Having won a political victory at Quebec for large firms, Hamilton then led them in a struggle with small operators for control of the limits themselves. The principal battlefield was the Gatineau valley. The largest tributary of the Ottawa below the Chaudière Falls, the Rivière Gatineau had become the centre of the timber industry in the Ottawa system by the late 1820s. To control the Gatineau an association of large limit-holders, which included Peter Aylen, Philemon Wright and Sons, and Hamilton and Low, was formed around 1830 to obtain cutting rights and improve transportation on the river; it succeeded on both counts, and by late 1832 had expended £2,000 on improvements. During the winter of 1831–32 the associates discovered that a number of small operators such as Nicholas Sparks*, non-members of the association, were cutting along the river without licence but with the complicity of Shirreff. Complaints to the Crown Lands Department of Lower Canada and to the crown having produced no results, Hamilton appealed to other Lower Canadian officials, with whom he had cultivated excellent relations. With the aid of John Davidson, who had become assistant to the commissioner of crown lands in Lower Canada, Hamilton drafted a petition to Aylmer requesting reservation of the Gatineau limits to the associates on fair and rational terms. Private lobbying produced results: in November 1832 an order in council granted to them what became known as the Gatineau privilege. It gave the associated firms, except Hamilton and Low, the exclusive right for two years to take out red pine timber to a limit of 2,000 pieces a year and permitted Hamilton and Low to cut a maximum of 12,000 saw-logs. Nomination of Hamilton as superintendent of the river was withdrawn after vociferous complaints by Shirreff that it eroded his rights.
The Gatineau privilege produced an immediate uproar in Bytown and the lower Ottawa valley; amid rumours of imminent violence on the Gatineau, a commission of inquiry was appointed. It endorsed the Gatineau privilege, reproducing from Hamilton’s petition to Aylmer the arguments in favour of large firms and invoking the associates’ investments in improvements as justifications. Despite disputes among the associates, which degenerated into violence in 1841, the privilege would be renewed repeatedly until 1843, and Hamilton and Low was even able to obtain a similar arrangement for itself on the Rouge.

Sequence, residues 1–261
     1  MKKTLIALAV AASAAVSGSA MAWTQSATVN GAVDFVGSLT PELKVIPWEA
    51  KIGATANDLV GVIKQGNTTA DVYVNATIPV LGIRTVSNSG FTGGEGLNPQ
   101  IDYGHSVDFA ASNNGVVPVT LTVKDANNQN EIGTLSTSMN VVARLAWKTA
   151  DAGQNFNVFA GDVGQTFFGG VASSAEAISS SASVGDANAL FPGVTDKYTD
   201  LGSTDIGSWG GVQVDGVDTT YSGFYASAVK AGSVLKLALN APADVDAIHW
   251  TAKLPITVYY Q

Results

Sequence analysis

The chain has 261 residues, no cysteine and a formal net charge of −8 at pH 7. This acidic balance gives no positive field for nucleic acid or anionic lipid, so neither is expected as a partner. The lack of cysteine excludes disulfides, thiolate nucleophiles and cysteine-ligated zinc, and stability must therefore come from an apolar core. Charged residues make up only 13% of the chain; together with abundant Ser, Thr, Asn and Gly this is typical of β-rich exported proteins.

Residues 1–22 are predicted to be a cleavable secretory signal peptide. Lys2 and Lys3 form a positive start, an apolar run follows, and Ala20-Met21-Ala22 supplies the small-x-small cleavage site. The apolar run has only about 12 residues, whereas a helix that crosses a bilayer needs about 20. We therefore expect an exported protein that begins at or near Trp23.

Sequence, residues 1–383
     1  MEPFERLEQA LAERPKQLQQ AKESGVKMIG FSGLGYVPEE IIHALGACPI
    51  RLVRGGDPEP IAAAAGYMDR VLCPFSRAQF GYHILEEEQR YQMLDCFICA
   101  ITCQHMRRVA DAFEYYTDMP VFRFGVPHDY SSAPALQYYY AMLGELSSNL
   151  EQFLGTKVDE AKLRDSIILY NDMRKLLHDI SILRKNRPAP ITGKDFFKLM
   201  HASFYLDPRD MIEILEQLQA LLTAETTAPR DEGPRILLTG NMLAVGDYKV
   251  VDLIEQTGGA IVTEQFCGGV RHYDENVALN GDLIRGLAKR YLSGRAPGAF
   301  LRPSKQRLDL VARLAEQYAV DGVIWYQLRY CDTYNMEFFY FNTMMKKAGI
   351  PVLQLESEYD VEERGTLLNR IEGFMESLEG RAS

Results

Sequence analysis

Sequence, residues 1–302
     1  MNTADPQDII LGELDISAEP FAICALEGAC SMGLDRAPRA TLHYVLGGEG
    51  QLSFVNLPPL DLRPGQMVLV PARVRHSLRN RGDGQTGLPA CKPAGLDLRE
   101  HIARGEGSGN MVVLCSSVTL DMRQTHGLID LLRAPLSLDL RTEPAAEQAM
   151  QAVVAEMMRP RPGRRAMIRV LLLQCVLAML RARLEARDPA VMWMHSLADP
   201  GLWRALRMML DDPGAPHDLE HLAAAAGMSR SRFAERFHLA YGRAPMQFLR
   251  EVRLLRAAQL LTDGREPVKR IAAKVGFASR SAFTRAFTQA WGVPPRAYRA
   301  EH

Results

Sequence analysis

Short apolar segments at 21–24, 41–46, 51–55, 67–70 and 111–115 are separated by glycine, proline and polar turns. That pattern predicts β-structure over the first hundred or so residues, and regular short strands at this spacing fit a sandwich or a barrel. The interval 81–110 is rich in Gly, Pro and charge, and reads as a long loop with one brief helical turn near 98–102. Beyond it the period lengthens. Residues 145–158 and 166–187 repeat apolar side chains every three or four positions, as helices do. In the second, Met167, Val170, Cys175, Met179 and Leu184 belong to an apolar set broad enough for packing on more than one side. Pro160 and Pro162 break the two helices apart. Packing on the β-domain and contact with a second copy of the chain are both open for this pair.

Protected through the Gatineau and Rouge privileges from the competition of numerous small entrepreneurs, and owning privately timber tracts in Plantagenet, Clarence, and Cumberland townships in Upper Canada, Hamilton and Low continued to expand rapidly its production of deals and timber; by 1839 the firm was employing “several hundred” men a year. Hamilton remained an active proponent of big enterprise, political leadership oriented to economic development, and firm social controls in the Ottawa valley. An avid follower of political events in both British North America and the mother country, he was, like his colleagues in the trade, a constant exponent of toryism and the needs of the empire. The rebellions of 1837–38 offered him the opportunity to rally his militia companies in support of British authority. However, a trip made in bitter weather in early December 1838 to review a reserve company at Plantagenet resulted in a severe cold, to which he succumbed in January 1839. He bequeathed the business to his sons Robert and George, who, later joined by their brother John*, carried it on.
With Philemon Wright, who died just six months after him, George Hamilton was among the first of the great timber barons who played an important part in the public life of British North America in the 19th century. At his worst he was headstrong and opinionated, an inveterate tory of undemocratic principles and élitist sensibilities, prepared even to overstep the law in order to get his way. At his best he brought to the crude and brutal frontier that was the Ottawa valley in the early years of the timber trade a rare politeness of manners and generosity of spirit. Significantly, Hamilton was a gifted businessman and lobbyist. He bent his energy, determination, and influence to building an important firm in a fundamental sector of the colonial economy and to bringing a modicum of stability to a trade plagued by the fluctuating markets and the repeated spates of oversupply that generate the boom-and-bust syndrome of staple-producing colonies. Perhaps inevitably, however, he came to equate the welfare of his own firm with the well-being of the timber trade generally.
[The author wishes to thank S. J. Gillis who made available the results of her research on the lumber trade, without which this biography could not have been written. r.p.g.]